On January 4, 1962 -- 56 years ago today -- the great Jack Nicklaus made his professional debut at the LA Open.
In that first round at the Rancho Park Golf Course in West Los Angeles, the 21-year-old Nicklaus recorded a 3-over 74.
Though he would make the cut, Nicklaus finished the tournament in a tie for 50th -- last place -- and collected a check for $33.33.
Luckily for Nicklaus, things would get better. Much better. He'd end his career with 73 PGA Tour victories and a record 18 major championships.
On the anniversary of Nicklaus's debut over a half century ago, it got us wondering how the only other golfer who can compare to him -- Tiger Woods -- made out in his pro debut.
Woods, 20, made his first start in the professional ranks on August 29, 1996, in the Greater Milwaukee Open at Brown Deer Park Golf Course in Glendale, Wisconsin, just four days after winning his third consecutive U.S. Amateur.
Tiger got off to a much better start than the Golden Bear, opening with a 4-under 67, five shots behind first-round leader Nolan Henke.
In Round 2, Woods shot 69. Though he was eight strokes behind the leaders, he made the 36-hole cut at 6-under 136.
A third-round, 2-over 73 was Tiger's worst score of the tournament and he followed it with a final round 68 to finish in a tie for 60th, 12 strokes behind Loren Roberts, who beat Jerry Kelly in a playoff.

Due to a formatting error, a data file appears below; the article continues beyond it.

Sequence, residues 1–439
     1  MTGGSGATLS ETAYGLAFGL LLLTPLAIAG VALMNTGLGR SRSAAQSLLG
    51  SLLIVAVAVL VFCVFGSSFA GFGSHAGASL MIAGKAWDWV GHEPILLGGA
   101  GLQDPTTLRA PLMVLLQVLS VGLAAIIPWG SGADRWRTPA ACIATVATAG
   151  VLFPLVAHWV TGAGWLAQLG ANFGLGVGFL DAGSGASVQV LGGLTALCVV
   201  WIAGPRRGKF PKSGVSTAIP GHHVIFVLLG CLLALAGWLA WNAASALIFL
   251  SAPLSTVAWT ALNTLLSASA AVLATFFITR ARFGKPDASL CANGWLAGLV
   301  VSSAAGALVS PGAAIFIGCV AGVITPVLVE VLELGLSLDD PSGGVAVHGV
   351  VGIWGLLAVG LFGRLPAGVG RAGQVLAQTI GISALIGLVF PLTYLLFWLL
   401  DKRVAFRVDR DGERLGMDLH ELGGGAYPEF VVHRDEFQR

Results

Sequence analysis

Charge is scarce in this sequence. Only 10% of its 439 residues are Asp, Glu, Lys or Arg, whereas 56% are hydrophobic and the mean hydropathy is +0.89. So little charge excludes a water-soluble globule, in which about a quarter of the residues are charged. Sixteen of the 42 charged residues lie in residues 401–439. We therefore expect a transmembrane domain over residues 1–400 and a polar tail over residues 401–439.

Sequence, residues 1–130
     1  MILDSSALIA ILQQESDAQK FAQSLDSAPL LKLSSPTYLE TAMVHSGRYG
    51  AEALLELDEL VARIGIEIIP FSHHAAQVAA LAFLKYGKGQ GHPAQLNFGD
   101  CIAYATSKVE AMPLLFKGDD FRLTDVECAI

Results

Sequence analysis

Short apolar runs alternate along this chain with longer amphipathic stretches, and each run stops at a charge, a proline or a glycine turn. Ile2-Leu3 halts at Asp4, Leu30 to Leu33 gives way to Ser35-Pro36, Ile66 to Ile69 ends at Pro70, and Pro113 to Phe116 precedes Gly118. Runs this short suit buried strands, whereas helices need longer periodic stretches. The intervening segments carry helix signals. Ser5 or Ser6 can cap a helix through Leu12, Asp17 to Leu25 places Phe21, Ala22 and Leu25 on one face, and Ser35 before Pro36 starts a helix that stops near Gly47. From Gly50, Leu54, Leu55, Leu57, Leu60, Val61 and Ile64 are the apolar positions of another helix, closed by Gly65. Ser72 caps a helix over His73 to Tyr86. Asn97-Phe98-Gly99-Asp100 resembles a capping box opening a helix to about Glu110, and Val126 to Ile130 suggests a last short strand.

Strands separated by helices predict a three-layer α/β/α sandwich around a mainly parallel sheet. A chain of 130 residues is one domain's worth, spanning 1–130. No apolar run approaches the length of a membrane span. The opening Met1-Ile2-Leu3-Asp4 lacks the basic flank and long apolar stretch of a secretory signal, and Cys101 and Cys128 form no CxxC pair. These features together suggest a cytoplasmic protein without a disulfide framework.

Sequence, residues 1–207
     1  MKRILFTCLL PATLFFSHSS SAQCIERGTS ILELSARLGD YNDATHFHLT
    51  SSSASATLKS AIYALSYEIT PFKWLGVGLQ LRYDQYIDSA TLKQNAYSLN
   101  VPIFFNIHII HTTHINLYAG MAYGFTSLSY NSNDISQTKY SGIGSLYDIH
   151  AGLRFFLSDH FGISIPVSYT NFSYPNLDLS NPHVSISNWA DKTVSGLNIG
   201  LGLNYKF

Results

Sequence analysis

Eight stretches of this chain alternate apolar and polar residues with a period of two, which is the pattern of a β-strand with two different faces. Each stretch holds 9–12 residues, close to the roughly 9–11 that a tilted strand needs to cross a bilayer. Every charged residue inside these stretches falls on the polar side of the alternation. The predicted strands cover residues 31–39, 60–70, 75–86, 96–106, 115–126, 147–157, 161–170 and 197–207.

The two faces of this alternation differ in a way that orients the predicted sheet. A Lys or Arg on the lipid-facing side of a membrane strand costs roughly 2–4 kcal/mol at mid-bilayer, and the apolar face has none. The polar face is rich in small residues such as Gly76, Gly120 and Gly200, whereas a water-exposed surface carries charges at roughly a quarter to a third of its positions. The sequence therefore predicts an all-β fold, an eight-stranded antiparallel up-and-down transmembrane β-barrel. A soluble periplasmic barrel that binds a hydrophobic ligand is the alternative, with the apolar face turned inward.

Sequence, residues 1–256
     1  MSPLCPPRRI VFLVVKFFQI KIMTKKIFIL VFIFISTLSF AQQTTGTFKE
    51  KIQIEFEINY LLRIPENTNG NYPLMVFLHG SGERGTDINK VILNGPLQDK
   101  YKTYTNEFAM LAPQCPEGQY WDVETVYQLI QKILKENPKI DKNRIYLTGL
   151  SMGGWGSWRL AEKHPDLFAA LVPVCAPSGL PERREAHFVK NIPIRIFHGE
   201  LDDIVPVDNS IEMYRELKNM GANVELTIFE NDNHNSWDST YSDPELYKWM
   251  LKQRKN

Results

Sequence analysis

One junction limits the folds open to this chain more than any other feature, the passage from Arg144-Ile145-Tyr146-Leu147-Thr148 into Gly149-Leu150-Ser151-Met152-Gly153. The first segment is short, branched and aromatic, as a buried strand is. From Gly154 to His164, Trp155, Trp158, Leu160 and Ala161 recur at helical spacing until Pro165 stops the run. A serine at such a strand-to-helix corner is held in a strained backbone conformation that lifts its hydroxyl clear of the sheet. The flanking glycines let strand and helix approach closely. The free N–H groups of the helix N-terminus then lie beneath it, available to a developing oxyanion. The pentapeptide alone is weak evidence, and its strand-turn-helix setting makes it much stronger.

Woods was four strokes ahead of last-place finisher, Payne Stewart, but -- like Nicklaus -- it was nothing to write home about.
That said, Woods did have a "wow" moment in his pro debut. It came on Brown Deer Park's par-3 14th hole in the final round. With the hole playing 188 yards, Woods opted for a 6-iron.
The result? He jarred it for his first ace as a pro.
Just like Nicklaus, Tiger's pro debut would not be indicative of the career he was about to embark on... but his haul of $2,544 was significantly better than Jack's $33.33.
To date, Woods has 79 wins -- second only to Sam Snead's 82 -- and 14 major titles, also second all-time.
While those first starts for Nicklaus and Woods weren't special, they quickly gave us a preview of things to come in majors. Nicklaus won his first professional tournament in his second major start as a pro at the 1962 U.S. Open played at Oakmont.
Woods, meanwhile, won the 1997 Masters by a whooping 12 strokes -- his first major start as a pro.
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